What is the difference between ‘joint tenants’ and ‘tenants in common’?

When two or more people own real estate they are required to specify on the title to the property how their ownership is ‘held’ or constituted.

Our legal system recognises two ‘types’ of ownership when there is more than one owner: joint tenancy or tenancy in common.

If you are purchasing real estate with another person (or in more than one buying entity, eg. two trusts) then we will need your instructions as to how the buying parties are going to hold the title after they become the new owners.

In short, joint tenancy means that all of the owners hold equal shares in the property, and if one of the owners dies then their share in the property becomes 0% upon their death. That is, their interest in the property does not follow their Will.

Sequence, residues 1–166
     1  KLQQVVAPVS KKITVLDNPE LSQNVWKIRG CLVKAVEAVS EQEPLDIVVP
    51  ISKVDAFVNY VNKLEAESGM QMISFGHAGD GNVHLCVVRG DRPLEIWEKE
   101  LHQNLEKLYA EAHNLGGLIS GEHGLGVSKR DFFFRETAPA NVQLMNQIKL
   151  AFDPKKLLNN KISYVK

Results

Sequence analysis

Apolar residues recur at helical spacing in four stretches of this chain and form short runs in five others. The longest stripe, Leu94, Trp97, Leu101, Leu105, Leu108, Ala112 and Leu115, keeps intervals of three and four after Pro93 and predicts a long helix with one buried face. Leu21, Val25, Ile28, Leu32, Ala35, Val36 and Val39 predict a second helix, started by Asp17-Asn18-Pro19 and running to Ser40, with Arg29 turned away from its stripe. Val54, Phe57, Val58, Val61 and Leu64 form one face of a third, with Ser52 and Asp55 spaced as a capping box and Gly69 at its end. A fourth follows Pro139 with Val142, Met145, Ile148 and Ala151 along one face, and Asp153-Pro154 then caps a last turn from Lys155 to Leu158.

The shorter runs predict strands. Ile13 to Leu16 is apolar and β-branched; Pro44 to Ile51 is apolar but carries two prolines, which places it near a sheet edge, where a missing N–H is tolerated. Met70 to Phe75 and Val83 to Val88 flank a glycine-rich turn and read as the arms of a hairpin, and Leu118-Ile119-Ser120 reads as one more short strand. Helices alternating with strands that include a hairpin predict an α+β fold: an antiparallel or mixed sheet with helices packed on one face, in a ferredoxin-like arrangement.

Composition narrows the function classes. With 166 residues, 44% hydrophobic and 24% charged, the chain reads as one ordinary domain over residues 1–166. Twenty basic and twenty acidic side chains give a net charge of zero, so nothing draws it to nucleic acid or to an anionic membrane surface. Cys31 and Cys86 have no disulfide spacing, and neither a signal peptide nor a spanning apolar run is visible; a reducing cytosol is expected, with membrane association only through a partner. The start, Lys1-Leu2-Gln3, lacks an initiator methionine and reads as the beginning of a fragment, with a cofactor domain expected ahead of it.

Tenancy in common means that the shares held by the owners can be specified–for example, 1/3 and 2/3 or 3/100 and 97/100. The shares are also devisable, meaning that they form a part of the estate of the owner if the owner dies, and the interest in the real estate will follow the terms set out in the Will of the owner.

The way that you choose to specify the type of ownership on the title can have significant estate planning implications, and is also looked at if you are separating from a spouse for example.

If you have any questions in relation to how you own your property, or you would like to review your estate plans, please do not hesitate to contact our office.

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